by John K.
The soaring heights of LeBron Jamesâ€™ popularity have never flown at a higher altitude â€“ and the manâ€™s earned his miles. After completing one of the most successful years in basketball sports history by winning a League MVP, his first NBA Championship, a NBA Finals MVP, and an Olympic Gold Medal, LeBron James has the serious hardware to back up the claims of being perhaps the best player to play the game. While Jordanâ€™s loyalists and the Kobe constituency wonâ€™t let that statement pass without debate, thereâ€™s no questioning LeBronâ€™s status as one of the best to tie up leather and laces. Speaking of which, the excitement around the next LeBron signature shoe (the Nike LeBron X) has been, as expected, growing furiously, but discussions have been sprouting in outer economist and retail buff circles in regards to Nike potentially releasing a basketball sneaker with an asking price of $315. Is the world ready for a $300+ basketball shoe? Although Nike prices its top-tier football boots in the $400 range out in Europe, the U.S. isnâ€™t event close to sniffing that priceâ€¦yet.
Letâ€™s lay some groundwork: the Nike LeBron signature shoe was already the highest-priced Nike Basketball signature shoe at $170, and there have been reports that the Nike LeBron X (without Nike+) will retail for $180-185. The $315 price-tag youâ€™re fearfully pondering is for the Nike LeBron X+ which features complete Nike+ integration â€“ a technology that we at Sneaker News detailed and tested out several times before. Nike+ does nothing for the actual aesthetic of the shoe, and considering the Nike Lunar Hyperdunk and its Sport Pack offspring is separated by $110, youâ€™ll basically be dropping a Benjamin and a few Hamiltons for a visually unnoticeable add-on. With that said, Nike+ technology is still one of the neatest things to happen to basketball shoes as a whole, a certain game-changer that does just that â€“ changes the game of whomever straps on the shoes. To summarize the pricing, only the Nike LeBron X+ will run you $315 â€“ the regular Nike LeBron X wonâ€™t stray that much higher than the current retail price of $170.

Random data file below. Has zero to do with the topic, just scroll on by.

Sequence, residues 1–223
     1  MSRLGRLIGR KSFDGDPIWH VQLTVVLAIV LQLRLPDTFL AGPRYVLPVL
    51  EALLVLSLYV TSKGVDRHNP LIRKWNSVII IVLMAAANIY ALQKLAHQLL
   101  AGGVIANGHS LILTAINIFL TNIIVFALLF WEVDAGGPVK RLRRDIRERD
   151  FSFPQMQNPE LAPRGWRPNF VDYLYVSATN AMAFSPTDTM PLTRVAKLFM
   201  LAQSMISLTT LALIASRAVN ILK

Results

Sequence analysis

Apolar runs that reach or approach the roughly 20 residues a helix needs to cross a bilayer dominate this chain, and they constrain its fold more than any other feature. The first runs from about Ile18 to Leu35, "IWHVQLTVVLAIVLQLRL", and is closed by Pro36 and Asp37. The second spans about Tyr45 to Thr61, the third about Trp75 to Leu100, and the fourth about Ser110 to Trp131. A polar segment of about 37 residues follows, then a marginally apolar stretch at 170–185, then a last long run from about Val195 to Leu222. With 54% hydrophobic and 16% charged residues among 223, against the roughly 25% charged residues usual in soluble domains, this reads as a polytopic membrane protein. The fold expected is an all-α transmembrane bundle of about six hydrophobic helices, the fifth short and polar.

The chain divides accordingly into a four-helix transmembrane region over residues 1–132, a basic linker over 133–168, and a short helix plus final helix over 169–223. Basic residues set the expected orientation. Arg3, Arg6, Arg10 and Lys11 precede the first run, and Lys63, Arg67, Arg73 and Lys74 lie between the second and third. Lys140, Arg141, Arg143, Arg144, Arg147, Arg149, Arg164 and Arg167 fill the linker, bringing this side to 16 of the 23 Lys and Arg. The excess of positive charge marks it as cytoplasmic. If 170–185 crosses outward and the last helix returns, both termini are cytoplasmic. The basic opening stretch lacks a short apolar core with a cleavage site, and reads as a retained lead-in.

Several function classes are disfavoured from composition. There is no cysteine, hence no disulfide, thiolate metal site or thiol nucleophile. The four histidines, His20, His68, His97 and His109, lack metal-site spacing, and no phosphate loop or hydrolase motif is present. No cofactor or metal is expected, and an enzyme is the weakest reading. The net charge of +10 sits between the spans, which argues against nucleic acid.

So is the world ready for a $300 basketball shoe? Even in todayâ€™s still-sluggish economy, consumers have shelled out close to $200 for LeBronâ€™s sneakers without as much of an internal blink of the conscience, and thatâ€™s not even counting the extra dollars spent on mark-ups on special edition releases. Darren Rovell of ESPN reports that only about 50,000 pairs of Nike+ enabled LeBron Xs will be produced, which is just a fraction of the number of regular Nike LeBron X shoes expected to hit the market, so donâ€™t expect an all-out war for the cheaper alternative â€“ just your run of the mill Twitter RSVPs/raffles/wristbands and whatnot. The bottom line is that the target audience of LeBron’s has thrown down the cash if the shoe is irresistible (the â€˜Miami Viceâ€™ edition of the Nike LeBron 9 Elite serves as the perfect example of how sneakerheads are ready to absorb a hefty price increase), but Nike+ is in fact marketed toward serious athletes who want nothing more than to improve their game. The overlap between both groups is certainly there, but the issue at hand is the price â€“ not the shoes. In any case, the Nike LeBron X has yet to be officially launched, but you know Sneaker News will keep you on top of all those developments, so let us know what your thoughts are on a $315 LeBron X and let us know if youâ€™d drop that amount on an upcoming release.
Courtesy of SneakerNews.com